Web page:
Do Not Coddle Them
Fulfilling your son’s or daughter’s basic needs and excessively pampering them can stifle their development, even if your objective is to make their lives easier. They may start to believe that they cannot accomplish anything without help and will be unwilling to try to improve. Additionally, if you keep mentioning their addiction, it can create extra stress and vexation.
Do Not Give Up
It is important to keep in mind that addiction is a long-term condition, requiring your son to receive your care and backing even after the completion of his treatment. While he may experience multiple relapses or perhaps no relapse at all, the illness is still something he will be struggling with possibly for his entire life. Our program provides relapse prevention tools to aid patients in creating a plan to stay sober in the long term.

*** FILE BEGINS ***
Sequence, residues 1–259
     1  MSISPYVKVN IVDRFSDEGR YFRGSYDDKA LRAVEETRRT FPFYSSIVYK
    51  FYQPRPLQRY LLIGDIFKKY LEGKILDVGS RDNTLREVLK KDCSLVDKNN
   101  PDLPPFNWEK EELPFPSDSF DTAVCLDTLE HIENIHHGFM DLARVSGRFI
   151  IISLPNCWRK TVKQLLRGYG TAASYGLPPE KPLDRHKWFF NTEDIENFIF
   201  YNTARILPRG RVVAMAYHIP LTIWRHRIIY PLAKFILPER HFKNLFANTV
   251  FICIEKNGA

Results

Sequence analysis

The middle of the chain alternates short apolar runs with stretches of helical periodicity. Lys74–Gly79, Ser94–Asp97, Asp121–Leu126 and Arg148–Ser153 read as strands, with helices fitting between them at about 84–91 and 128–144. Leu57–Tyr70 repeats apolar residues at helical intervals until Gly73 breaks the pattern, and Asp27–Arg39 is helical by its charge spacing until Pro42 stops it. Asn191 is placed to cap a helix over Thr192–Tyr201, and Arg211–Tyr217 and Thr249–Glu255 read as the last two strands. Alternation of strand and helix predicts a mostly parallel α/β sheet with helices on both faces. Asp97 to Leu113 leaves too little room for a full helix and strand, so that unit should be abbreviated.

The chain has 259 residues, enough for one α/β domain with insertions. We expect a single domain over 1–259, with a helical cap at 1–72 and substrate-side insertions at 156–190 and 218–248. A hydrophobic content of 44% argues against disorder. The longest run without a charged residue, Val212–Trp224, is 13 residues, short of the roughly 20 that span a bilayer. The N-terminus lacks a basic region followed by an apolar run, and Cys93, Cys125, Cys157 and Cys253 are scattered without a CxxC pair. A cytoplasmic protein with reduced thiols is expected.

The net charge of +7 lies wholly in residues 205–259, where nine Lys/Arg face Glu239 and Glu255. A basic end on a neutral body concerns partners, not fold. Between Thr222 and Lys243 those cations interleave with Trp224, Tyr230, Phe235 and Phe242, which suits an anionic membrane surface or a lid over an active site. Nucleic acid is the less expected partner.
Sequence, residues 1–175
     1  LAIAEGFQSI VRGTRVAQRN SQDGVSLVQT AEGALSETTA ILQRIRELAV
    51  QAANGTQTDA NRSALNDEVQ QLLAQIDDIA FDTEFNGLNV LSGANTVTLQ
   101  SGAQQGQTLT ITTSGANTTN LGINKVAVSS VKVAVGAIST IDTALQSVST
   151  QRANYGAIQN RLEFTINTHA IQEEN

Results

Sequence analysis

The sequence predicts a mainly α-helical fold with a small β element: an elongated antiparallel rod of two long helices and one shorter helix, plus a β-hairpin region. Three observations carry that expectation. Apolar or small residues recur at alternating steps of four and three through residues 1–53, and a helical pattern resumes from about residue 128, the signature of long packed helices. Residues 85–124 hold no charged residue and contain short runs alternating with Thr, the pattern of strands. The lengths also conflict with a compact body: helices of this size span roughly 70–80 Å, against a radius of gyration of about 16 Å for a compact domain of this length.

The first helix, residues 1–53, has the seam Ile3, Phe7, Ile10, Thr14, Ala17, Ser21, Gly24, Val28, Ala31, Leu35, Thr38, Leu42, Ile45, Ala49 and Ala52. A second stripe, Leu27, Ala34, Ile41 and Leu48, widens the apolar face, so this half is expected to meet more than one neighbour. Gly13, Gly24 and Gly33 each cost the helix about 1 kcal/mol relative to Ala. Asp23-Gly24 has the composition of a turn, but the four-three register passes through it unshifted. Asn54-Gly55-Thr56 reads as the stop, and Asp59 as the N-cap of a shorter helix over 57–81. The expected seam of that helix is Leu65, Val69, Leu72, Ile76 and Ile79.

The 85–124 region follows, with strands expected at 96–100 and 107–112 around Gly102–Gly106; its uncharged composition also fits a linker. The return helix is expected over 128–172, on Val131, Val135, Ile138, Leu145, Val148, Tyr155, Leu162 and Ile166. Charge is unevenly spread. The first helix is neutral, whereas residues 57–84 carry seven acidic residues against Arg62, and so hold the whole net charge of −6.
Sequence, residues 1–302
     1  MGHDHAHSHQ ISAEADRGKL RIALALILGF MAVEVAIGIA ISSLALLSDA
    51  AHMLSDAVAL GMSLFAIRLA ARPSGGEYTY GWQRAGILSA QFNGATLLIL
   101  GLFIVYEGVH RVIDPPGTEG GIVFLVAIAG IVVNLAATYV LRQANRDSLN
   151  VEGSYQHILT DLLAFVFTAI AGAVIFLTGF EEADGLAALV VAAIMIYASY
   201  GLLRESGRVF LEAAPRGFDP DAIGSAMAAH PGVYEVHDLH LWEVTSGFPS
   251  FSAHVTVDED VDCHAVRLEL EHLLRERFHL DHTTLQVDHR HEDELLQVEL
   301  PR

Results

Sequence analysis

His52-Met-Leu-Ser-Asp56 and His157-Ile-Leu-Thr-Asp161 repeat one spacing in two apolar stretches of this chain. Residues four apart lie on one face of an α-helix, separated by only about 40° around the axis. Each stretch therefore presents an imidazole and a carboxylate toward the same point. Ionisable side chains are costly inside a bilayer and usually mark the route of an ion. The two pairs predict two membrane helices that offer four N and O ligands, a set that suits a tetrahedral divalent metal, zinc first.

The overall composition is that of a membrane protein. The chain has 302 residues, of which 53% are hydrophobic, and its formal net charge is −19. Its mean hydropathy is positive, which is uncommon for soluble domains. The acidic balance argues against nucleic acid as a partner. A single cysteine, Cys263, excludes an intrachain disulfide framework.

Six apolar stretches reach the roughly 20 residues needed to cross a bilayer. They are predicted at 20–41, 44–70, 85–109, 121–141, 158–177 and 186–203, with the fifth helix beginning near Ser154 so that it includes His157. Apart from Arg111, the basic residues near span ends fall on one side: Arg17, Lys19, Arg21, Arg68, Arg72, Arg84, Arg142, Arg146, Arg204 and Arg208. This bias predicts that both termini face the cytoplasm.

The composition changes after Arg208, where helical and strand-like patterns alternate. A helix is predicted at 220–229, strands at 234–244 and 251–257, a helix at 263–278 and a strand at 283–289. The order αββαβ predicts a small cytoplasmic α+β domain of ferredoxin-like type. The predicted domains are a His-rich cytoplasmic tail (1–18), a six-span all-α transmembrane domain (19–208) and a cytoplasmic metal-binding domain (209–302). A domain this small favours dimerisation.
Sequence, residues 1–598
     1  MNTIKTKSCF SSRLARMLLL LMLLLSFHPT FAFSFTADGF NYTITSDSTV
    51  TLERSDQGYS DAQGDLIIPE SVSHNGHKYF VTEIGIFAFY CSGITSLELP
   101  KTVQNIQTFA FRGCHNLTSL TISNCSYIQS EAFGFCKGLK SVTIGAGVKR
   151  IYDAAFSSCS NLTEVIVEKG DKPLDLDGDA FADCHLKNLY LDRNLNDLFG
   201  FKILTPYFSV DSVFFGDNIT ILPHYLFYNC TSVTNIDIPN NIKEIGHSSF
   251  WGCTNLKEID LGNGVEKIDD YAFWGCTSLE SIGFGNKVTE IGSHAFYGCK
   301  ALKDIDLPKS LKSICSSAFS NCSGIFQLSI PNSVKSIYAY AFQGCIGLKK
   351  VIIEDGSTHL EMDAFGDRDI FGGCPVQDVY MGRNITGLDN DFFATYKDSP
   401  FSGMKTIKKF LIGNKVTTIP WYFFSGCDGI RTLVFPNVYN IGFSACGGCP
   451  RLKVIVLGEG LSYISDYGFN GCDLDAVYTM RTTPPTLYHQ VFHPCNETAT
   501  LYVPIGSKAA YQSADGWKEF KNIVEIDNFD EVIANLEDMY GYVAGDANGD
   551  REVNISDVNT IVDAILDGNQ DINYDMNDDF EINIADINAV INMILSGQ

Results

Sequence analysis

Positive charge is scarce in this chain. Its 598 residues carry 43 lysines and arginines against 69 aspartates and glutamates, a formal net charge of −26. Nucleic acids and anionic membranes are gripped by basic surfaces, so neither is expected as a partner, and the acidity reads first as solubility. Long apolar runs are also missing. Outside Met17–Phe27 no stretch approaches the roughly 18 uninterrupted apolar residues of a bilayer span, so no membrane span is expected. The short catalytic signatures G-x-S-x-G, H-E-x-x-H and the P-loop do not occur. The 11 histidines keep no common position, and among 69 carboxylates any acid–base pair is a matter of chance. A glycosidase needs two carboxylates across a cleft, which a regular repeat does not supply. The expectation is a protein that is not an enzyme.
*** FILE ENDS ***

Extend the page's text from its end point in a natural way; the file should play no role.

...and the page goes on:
Help for Your Child in Louisville
People with a drug dependency or addiction can get assistance, care, and thorough treatment at Louisville Recovery Center. Treatment is essential for a lot of reasons, such as informing someone about their reliance on drugs, aiding them in ceasing safely, tackling the fundamental source of the addiction, and aiding individuals in developing healthier ways of managing stress and preventing relapse so that abstinence is maintained. The kind and level of treatment is dependent on the person’s unique recovery requirements and worries.
For those in need of substance abuse treatment in Louisville or nearby areas, reach out to the team at Louisville Recovery Center. Our professionals are ready to provide the necessary resources to help you or someone you care about. Call us today.